The more that I learn about willpower, the more I become convinced that it is the one resources that best determines success. A University of Pennsylvania study on Perseverance and Passion for Long Term Goals, which they referred to as “grit” but which can also be dubbed willpower, was shown to be the single most important indicator of highest education achieved by adults, GPA among Ivy League students, likelihood of succeeding at West Point, and success at the National Spelling Bee. They even went further and showed that it was more important than IQ in all of these areas. Talent without willpower will truly only get you so far.
In The Willpower Instinct Kelly McGonigal agrees, saying that based on her research: “People who have better control of their attention, emotions, and actions are better off almost any way you look at it.” And that “Americans name lack of willpower as the number-one reason they struggle to meet their goals.”
So how do we get more “willpower”? In the first post of this three-post series, I explained how willpower can best be thought of as a resource or a muscle, and that it needs to be recharged from time to time. It can also be built like a muscle. By challenging our willpower, and pushing ourselves harder and harder in the right ways, we can slowly increase how much we can tax our willpower allowing us to significantly more productive and effective with our time.
Just like building muscle, the effectiveness of different “willpower exercises” will vary based on their intensity, how regularly you do them, and how strong your willpower is already. You’ll also have to vary your recovery time in response to how much heavy mental lifting you’re doing. This requires a lot of self-awareness, and acceptance that this is a slow process. Herculean willpower can’t be built in a day–it’s a commitment over time to yourself that if you want to achieve everything you’ve dreamed of in life, you’ll first have to be able to push yourself through it.
These are the small willpower challenges you can do through the day that will give you little boosts to your willpower over time. None of them are “hard” but they all require you to do something you don’t instinctively do–they require you to consciously choose to act in a certain way that is unnatural, which is exactly what you need willpower for.
1. Become a Lefty (or a Righty)
Depending on what your dominant hand is, you do a large number of things with the exact same hand every time. Opening doors, pouring coffee, drinking, carrying things, pushing buttons, you do them almost exclusively with your dominant hand. Try consciously doing them with your other hand for a day. Every time you go to use your dominant hand, stop yourself and switch it up.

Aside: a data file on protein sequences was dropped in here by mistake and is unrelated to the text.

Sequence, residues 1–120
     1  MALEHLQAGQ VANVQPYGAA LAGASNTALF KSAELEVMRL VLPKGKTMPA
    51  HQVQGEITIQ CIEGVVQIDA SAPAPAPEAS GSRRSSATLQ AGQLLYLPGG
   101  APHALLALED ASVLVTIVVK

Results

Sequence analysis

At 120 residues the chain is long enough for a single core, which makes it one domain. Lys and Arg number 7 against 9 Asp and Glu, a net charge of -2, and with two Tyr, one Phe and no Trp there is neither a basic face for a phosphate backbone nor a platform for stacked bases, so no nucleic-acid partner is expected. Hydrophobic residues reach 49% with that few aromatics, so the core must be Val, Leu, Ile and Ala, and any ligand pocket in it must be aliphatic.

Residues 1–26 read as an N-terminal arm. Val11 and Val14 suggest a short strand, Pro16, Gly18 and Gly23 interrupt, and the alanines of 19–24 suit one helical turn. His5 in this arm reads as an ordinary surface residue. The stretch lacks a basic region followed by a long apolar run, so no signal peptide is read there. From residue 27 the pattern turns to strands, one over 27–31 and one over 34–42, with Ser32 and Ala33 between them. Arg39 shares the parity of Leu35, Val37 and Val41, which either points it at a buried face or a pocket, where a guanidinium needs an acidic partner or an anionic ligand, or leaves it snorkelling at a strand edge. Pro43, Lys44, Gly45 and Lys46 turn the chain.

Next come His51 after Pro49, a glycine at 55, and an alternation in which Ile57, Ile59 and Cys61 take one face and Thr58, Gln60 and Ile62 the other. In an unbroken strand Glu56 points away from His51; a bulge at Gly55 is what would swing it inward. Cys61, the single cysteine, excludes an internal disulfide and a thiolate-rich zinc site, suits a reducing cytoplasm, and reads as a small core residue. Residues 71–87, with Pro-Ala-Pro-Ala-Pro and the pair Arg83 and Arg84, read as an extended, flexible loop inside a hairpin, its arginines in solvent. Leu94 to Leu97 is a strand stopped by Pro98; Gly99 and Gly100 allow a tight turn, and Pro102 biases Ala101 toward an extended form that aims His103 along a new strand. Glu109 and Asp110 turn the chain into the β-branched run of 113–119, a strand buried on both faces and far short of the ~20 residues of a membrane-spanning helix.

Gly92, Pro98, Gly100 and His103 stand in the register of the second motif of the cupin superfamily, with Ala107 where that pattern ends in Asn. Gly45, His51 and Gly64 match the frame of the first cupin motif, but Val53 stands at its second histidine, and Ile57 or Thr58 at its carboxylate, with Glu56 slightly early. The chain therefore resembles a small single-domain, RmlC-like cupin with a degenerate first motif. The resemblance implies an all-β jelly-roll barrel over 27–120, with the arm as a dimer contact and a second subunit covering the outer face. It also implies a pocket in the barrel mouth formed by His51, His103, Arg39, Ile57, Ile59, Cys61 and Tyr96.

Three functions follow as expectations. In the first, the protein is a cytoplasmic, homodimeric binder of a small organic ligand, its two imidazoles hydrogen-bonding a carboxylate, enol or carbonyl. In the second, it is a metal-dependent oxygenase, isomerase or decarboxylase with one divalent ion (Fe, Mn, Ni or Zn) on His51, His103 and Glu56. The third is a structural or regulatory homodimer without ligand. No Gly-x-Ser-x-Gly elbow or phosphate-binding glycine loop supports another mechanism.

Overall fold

2. Do the Smallest possible Version
You probably have a “big” goal in mind. Maybe you want to write a book, run a marathon, start a company, whatever it is, figure out what the smallest possible action you can take towards that goal is and do it. Saving money? Go to your bank account online and transfer $.01 from your spend account to your savings account. Want to write a book? Write a sentence. Start a company? Do a Keyword search for related ideas and see if its viable. Whatever it is you want to do, do the smallest possible version.
3. Mix Up a Routine
How do you get to the office kitchen? Take a different route. How do you get to work? Drive a different way. Where do you usually go online? Go to similar but different sites. Consciously breaking your routines is an act of willpower, and so long as you focus on small simple ones you can practice using your willpower to break out of long-term habits.
From Walking to Running
Okay, you have your warmups, now here are the bigger willpower challenges. You’ve likely heard some of them before, but there’s a reason for that–they work. And they work really well. If you can adopt all of them into your daily routine, you’ll have a significantly higher willpower reserve to act with.
1. Get Your 8 Hours
I know I harp on sleep a lot, but that’s because it’s so damn important. A lot of people believe they can “get by” on 6 hours of sleep a night, and it’s true. They can get by. But they aren’t excelling. If you want your willpower tank to be full every day you have to be well rested, and that will only happen if you’re meeting your personal quota (usually between 7-9 hours).